After Evil Geniuses won the 2022 League Championship Series Spring Finals, 100 Thieves top laner Kim ‘Ssumday’ Chan-ho and analyst Barento ‘Raz’ Mohammed spoke to Dexerto about the series and what makes EG different.
100 Thieves made it to the finals to defend their title from last summer, but then Evil Geniuses swept the weekend.
It took them just six games to defeat both Team Liquid and 100 Thieves, and in true G2 Esports fashion, they finished their run down the bottom tier 12-1. And as if that wasn’t impressive enough, their 3: 0 win over 100 Thieves in 1 hour 18 minutes 27 seconds, the fastest final in LCS history.
However, that wasn’t necessarily the expectation for the weekend. Evil Geniuses had a tough regular season, culminating in a 9-9 record. But they reached the playoffs with a newfound intensity, nearly defeating Team Liquid in their opening series in an exciting five-game streak. And with each subsequent game, they improved much faster than anyone else could keep up.
“I feel like during the [playoffs], EG got promoted and they developed a number of strategies, particularly in terms of draft,” said Ssumday after his defeat in the finals. “We kind of stuck to our same plans, and they got us.”
Towards the end of the regular season, Liquid and Cloud9 both appeared to be superior to the rest of the competition, with 100 Thieves trailing behind. The perceived gap between them and the fourth seed Evil Geniuses was quite large. But while most teams tweaked their play slightly, EG transformed into a seemingly unstoppable force, boasting a fast-paced playstyle with a broad champion pool to give them flexibility in the draft and in their games.
Pro teams often talk about how they go about finding something that works well for them while also expanding their playstyles to prepare for best-of-five grudge matches. But unlike most teams who go too far or find nothing that actually works, Evil Geniuses actually made it.
MSI is not ready for what NA #LCS brings this year
— Evil Geniuses (@EvilGeniuses) May 7, 2022
“We always gave them credit as a team that kept getting better and better throughout the regular season,” Raz said in an interview after the finals. “Even though they dropped games, they did it in a way where they still learned a lot from it.”
Raz’s perception proved true; EG’s experiments and Spring Split fights were intentional.
“The biggest difference to other teams is that we haven’t established a comfort zone,” Evil Geniuses coach Han “Rigby” Earl said in their post-game press conference. “That’s why we struggled during the regular interval. But even when we lost with picks that weren’t that popular in the league, we still went with them if we thought they were good. [Now in the playoffs]we could run anything whenever it was needed.”
Play multiple styles
In their last three series against Cloud9, Team Liquid, and 100 Thieves, Evil Geniuses designed a variety of different team comps with different focuses and playstyles, and they won every single game they played. Their one major constant was to stuff as much gold as possible into Kyle “Danny” Sakamaki once loaded into the rift, but they successfully funneled it in a variety of ways, leaving enemies confused and off balance .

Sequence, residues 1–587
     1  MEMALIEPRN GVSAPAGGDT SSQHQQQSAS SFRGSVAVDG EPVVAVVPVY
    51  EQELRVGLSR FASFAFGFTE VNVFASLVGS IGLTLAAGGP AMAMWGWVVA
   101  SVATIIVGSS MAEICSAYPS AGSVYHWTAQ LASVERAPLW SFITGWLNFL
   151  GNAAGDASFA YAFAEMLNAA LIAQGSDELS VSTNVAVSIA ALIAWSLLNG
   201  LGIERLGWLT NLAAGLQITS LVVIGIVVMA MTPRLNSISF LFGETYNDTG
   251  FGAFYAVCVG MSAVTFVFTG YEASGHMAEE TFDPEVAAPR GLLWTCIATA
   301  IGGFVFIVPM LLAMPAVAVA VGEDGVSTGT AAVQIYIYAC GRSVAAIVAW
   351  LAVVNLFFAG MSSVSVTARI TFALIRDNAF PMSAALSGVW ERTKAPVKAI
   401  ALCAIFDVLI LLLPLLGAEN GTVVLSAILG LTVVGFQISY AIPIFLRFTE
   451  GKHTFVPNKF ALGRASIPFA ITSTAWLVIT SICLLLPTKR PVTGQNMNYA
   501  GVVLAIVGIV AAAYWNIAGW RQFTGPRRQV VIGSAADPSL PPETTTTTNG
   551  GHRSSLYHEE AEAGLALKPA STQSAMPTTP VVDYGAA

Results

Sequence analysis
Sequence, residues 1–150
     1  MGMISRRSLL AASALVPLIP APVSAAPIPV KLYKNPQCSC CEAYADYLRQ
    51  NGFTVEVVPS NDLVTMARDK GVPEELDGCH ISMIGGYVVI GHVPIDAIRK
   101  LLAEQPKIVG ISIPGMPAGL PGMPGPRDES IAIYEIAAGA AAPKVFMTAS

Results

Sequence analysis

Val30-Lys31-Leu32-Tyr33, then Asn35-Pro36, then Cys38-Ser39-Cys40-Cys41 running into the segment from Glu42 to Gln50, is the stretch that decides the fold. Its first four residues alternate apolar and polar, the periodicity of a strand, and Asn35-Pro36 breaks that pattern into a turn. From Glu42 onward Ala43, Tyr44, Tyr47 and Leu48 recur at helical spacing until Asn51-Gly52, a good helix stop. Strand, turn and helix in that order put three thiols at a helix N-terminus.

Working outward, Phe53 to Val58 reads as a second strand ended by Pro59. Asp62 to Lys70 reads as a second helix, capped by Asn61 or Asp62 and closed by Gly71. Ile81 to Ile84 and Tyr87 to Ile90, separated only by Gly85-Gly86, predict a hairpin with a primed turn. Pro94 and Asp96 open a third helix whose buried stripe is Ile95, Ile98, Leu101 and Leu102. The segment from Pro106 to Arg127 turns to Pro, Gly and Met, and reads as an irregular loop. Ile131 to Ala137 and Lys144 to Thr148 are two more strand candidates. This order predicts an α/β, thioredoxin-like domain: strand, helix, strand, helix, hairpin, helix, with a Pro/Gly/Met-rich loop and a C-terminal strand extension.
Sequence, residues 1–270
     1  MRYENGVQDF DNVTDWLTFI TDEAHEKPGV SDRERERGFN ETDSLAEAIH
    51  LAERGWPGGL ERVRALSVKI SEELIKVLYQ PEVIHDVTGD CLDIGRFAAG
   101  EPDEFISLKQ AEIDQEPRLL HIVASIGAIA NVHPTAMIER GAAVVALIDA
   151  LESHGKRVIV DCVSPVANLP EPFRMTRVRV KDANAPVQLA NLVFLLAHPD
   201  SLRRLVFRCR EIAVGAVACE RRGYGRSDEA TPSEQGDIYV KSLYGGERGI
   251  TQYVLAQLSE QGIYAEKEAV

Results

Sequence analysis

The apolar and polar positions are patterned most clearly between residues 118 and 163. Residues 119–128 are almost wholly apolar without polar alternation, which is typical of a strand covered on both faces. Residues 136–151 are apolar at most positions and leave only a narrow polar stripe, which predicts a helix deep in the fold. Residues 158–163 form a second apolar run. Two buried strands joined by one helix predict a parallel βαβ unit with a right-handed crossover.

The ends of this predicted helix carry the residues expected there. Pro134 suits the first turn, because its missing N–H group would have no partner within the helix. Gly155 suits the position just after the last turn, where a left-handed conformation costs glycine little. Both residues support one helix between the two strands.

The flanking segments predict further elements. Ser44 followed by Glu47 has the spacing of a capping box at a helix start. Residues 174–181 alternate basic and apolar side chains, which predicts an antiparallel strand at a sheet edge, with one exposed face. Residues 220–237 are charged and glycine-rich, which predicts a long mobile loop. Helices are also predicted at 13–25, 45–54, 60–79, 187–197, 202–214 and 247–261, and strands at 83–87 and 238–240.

That’s a stark contrast to the other strong teams in NA who are really only good at playing the game in one or two ways. “When we went up against Team Liquid, we had an answer for everything,” said Ssumday, citing her reverse win over the first place finishers to qualify for the finals. “But today we were kind of confused in the game. It wasn’t so clear against EG, that’s why we lost.”
“Liquid has some strategy, but every strategy is similar, so it’s easy to act on it,” Ssumday continued. “But EG has a number of strategies, more than just one or two. We tried to counteract that, but it didn’t work.”
Thanks to Evil Geniuses’ unpredictable draft strategy, 100 Thieves struggled to pull off another setback in the finals. 100 Thieves head coach Bok “Reapered” Han-gyu said he felt “comfortable” after starting 2-0 against Liquid because those losses gave him all the knowledge he needed to play the next three games to win. Replicating that against EG proved impossible.
“No other team can compete with us if they have something they don’t want to play,” Rigby said after his final victory. “The most popular champion is Ornn. They’d say, ‘We’re going to blind Ornn, we’re going to have good teamfights.’ But we just let them pick Ornn, we don’t give a shit. We have Impact… It’s so easy for us, honestly.”
“[We have a] Player gap for the draft,” he said. “They’re ready for anything.”
Now, heading into the Mid-Season Invitational, Evil Geniuses have a much tighter schedule. T1 didn’t lose a single series in the regular season or the playoffs, ending with a 20–0 series record with a total of 42 wins and eight losses. RNG is back to defend its victories of 2018 and 2021. G2 is coming off his own 12-0 lower bracket run.
Last year Cloud9 were unstoppable all spring but then bombed at MSI. Evil Geniuses only reached the C9 level of 2021 in the final week of the playoffs – raising questions about their ability to hold their own in MSI’s grueling competition.
According to Raz, that could be exactly what gives them an advantage. “EG took advantage of a lot of people shorting them,” he said of the LCS final. “I still think T1 is by far the best team at the moment and I want to give a lot of credit to RNG. But other than that, it feels like it drives Evil Geniuses.”
EG went into the playoffs with a combined 0-6 record against Team Liquid, Cloud9 and 100 Thieves, but in their last three series they went 9-0 against the trio. They might get a reality check on their first international scrims, but they’ve already proven they can weather the odds.
https://www.dexerto.com/league-of-legends/ssumday-and-raz-talk-egs-draft-gap-and-nas-hopes-at-msi-2022-1820032/ Ssumday and Raz discuss EG’s design gap and NA’s hopes for MSI 2022